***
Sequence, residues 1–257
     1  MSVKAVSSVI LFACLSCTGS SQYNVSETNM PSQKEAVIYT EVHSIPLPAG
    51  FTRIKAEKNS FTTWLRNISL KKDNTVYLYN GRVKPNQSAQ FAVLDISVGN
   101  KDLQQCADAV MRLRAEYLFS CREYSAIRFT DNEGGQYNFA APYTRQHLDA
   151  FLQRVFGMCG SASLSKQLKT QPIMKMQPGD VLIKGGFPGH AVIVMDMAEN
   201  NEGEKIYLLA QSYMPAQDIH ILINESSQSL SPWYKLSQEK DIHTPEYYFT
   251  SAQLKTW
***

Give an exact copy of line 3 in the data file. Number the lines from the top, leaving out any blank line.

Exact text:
    51  FTRIKAEKNS FTTWLRNISL KKDNTVYLYN GRVKPNQSAQ FAVLDISVGN